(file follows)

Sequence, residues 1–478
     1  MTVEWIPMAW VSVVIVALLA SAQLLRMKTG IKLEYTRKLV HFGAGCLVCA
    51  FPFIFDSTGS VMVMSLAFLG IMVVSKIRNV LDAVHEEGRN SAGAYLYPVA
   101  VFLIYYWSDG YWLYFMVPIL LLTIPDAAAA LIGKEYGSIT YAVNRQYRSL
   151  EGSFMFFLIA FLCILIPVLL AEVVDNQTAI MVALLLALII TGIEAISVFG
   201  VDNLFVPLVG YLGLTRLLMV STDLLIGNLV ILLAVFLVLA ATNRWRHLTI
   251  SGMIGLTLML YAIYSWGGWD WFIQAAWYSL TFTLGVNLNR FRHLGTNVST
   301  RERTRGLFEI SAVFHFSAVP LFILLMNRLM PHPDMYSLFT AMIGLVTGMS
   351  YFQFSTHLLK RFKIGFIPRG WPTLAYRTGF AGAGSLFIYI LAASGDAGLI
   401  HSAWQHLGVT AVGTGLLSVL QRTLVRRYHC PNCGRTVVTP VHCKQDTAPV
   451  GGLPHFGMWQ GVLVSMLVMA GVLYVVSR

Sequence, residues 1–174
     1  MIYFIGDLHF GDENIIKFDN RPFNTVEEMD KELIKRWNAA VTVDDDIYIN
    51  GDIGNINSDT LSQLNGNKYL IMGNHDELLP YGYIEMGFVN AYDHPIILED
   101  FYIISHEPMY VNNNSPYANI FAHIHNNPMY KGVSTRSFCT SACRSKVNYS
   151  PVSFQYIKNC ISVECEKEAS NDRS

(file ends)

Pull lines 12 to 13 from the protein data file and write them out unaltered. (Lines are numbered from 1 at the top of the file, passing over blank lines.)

Sequence, residues 1–174
     1  MIYFIGDLHF GDENIIKFDN RPFNTVEEMD KELIKRWNAA VTVDDDIYIN